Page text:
This week I am about to go against my own advice. Recent research revealing a strong correlation between spirochetes and Alzheimer’s prompted this. I’ve maintained that oxidative stress is the direct cause of dementia symptoms and that prevention is the best strategy, rather than the focus on a cure for amyloid plaques. I still believe that, but the recent research revealed the presence of spirochetes in 90% of Alzheimer’s cases. Just as striking, they were always absent in the absence of Alzheimer’s.
So what is a spirochete? They are families of bacteria with a helical shape. Lyme disease is caused by one family of spirochetes. Cindy does not have Lyme disease, but the family of spirochetes found in 90% of dementia cases is the one responsible for periodontal disease. Other members of this spirochete family are responsible for diseases like syphilis, but that does not apply here. This makes sense, as previous research indicates a strong link between gum disease and cognitive decline. With this in mind I have arranged with our primary care provider to start a one month treatment with an antibiotic that targets spirochetes.
Frankly, I doubt this will work. Cindy historically has taken good care of her teeth and gums and I’ve continued with that the best I can. Also, the brain is an organ and oxidative stress a toxin. Like the liver organ and toxicity, I suspect there is a point of no return and Cindy has reached that. Finally, I am guarded about getting my hopes up too high. I went down that path once and ended up being devastated when hopes were dashed.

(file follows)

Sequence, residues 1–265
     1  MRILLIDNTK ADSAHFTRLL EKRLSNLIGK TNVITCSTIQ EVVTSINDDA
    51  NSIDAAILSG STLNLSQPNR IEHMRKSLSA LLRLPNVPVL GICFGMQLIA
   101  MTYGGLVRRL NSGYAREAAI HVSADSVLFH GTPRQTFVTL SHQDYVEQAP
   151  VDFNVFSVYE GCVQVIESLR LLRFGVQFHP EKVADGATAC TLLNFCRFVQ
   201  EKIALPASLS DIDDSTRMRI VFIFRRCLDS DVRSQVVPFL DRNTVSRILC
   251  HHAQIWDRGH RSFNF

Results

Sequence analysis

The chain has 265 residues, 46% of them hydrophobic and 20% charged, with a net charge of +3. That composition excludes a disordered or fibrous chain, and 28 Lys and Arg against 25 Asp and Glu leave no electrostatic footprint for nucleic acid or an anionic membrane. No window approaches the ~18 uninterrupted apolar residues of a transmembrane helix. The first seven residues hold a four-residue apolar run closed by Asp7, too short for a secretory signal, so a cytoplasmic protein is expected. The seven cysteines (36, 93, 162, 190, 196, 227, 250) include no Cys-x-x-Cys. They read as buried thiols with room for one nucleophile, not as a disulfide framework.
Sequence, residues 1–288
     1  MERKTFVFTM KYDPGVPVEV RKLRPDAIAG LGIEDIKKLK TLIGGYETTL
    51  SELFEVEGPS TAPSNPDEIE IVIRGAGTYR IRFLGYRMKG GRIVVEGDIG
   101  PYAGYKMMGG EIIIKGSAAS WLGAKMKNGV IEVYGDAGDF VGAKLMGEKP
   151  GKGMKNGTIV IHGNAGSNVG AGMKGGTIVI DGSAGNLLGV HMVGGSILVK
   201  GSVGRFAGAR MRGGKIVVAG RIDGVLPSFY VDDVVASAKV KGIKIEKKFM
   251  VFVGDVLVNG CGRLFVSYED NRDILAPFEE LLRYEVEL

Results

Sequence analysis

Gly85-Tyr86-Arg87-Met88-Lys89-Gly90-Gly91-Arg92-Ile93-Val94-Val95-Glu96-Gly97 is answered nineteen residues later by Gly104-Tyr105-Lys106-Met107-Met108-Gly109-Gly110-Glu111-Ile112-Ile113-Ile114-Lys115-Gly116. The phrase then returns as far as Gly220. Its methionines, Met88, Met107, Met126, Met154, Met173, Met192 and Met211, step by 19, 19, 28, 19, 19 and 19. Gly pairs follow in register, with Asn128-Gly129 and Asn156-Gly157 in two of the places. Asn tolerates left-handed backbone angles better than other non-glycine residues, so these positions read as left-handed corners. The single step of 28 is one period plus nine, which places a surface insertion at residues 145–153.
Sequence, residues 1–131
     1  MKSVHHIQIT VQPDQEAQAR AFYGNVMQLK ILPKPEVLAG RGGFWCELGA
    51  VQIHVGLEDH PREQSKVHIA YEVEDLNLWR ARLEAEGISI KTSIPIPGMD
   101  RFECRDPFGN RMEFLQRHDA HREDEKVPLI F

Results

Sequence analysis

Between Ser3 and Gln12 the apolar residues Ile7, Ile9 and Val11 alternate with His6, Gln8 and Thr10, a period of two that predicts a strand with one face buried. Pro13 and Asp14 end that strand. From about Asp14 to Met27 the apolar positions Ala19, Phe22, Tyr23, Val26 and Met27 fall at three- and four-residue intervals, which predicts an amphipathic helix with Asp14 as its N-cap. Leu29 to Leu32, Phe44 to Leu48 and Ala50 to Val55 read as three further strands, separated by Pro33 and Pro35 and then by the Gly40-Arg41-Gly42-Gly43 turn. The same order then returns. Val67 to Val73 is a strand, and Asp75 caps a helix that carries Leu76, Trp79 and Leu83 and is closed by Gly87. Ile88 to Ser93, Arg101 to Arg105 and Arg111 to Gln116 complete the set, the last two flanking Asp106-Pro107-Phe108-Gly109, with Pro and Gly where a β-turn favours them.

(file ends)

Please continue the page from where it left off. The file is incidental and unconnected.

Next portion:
Had we all the time in the world this research would warrant no action at all. Findings need to be replicated by several other researchers, then the best course of action determined. What I am doing is a desperate shot in the dark, which makes it quite easy not to get my hopes up too high. Yet a shot in the dark at this late stage is still a shot, likely the only “shot” of any kind. Engaging in a shot in the dark is a better feeling than becoming little more than a passive observer.
Even if spirochetes are the primary causal agent of dementia, antibiotics may not be the answer for this particular infection. Bad bacteria in the gums correlate with taxing the immune system; good bacteria in the gut correlate with boosting the immune system. To paraphrase a quote about ecology: “We are not only more complicated than we know; we are more complicated than we can know.”
Fortunately, Cindy faces minimal risk from a one month treatment with antibiotics at this point. Our diet is rich with probiotics and prebiotics. I will keep a close watch to make sure such side effects as nausea or diarrhea do not cause discomfort; I will halt the treatment if that is the case. I will also keep a close watch to see if any kind of mind or body function improves.
What I am doing is not rational so much as rooted in a drive to never give up, not just with Cindy but with life in general. There have been several occasions where giving up might have been the smarter choice, but I can’t bring myself to do so. Ironically, this personality trait relates to my philosophy on journeying. There is something to be gained in the journey regardless of the ultimate destination. Thus Cindy may not be saved by antibiotics, but something might be learned from not giving up. That is my real hope at this point.